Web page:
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Onto the attractions- with such a short amount of time in Jeju, we knew we had to pick and choose what to do. We considered NANTA theatre (50,000 KRW per person/ £30 per person) and Hamdeok Beach (but a beach is still just a beach) before we stumbled across Manjangul Cave, a UNESCO World Heritage Site which had the Geographer in me weeping with joy. The bus route to get to the Cave is simple enough from a central Jeju bus station but be warned- drivers expect tourists to know how payment for tickets works and are not particularly considerate to those who are unaware. Also, since very few bus drivers speak any English, the best thing to do is to speak to the tourist information staff at any of the central bus stations in order to ensure you know what to pay and how the system works. Our bus driver was probably one of the rudest people I encountered in my travels, and passengers were confronted with the most fearsome of situations- bus doors that closed without any warning whatsoever. It was almost hypnotic, watching passengers sprint onto and off of the bus in an attempt to avoid sustaining any form of injury. About an hour and 10 minutes later, my very relieved travel companion and I disembarked from the bus and found ourselves confronted with a dusty but scenic landscape, silent aside from the occasional whoosh of a car speeding past.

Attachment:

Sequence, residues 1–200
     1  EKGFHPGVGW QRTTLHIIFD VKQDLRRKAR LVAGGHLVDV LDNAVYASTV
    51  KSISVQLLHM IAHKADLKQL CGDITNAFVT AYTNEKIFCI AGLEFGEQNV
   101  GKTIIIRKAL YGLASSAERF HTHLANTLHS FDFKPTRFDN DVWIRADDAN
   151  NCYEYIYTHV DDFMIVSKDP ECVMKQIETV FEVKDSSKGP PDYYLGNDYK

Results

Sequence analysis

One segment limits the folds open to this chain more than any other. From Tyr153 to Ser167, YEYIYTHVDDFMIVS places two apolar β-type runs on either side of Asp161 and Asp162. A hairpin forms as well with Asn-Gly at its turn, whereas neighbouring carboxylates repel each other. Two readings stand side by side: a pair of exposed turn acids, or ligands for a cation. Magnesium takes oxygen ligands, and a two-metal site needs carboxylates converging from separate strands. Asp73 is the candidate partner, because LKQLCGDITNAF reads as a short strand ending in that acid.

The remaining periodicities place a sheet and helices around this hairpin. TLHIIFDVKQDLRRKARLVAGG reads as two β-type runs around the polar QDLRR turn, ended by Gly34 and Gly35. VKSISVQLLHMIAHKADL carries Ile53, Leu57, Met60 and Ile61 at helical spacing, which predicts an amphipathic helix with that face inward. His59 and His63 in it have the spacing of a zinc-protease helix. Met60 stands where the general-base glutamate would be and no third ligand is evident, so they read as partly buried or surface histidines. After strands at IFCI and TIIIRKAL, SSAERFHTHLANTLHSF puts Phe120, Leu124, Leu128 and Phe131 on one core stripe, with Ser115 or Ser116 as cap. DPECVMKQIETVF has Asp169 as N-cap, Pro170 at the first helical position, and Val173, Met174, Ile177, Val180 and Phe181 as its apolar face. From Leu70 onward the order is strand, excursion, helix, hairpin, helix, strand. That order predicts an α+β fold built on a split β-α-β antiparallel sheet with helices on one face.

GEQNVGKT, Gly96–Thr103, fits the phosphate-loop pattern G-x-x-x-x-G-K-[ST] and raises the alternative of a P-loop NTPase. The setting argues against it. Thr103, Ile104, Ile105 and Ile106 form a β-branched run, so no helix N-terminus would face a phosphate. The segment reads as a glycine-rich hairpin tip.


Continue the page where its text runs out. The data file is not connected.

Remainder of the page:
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Never has “Boulevard of Broken Dreams” felt more apt.

We felt like gods walking down the road overlooking such views whilst singing this.

We decided to walk to Manjangul Cave, which was about 2.5km away from the bus stop. Note that if you don’t wish to walk, there are plenty of taxis that will slow down upon spotting a person and offer to drive you there but we reasoned that the weather was nice and we both had a fair amount of energy so walking was a perfectly acceptable option.

During the walk, we passed Yongcheondonggul Lava Tube, considered one of the most valuable lava tubes in the world. The tube was only discovered by accident in 2005 when an electric pole was replaced and should you wish to visit the tube, you can observe a variety of carbonate speleothem such as soda straw, stalactite, stalagmite and cave pearl. You can also detour on foot to take a look at Kimnyoung Lava Tube. During our walk, we found Kimnyoung Maze Park. We were intrigued, and had more than a brief glance at the attraction but at that point, I honestly thought we would not end up in the maze. I was wrong, and we had an absolute blast reconnecting with our childish sides (which, to be honest, we’ve never really been that out of touch with). But more on the maze park in “Jubilant in Jeju Part 2” still to come.

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Sorry about the gum (wish it wasn’t there)                     The view along our walk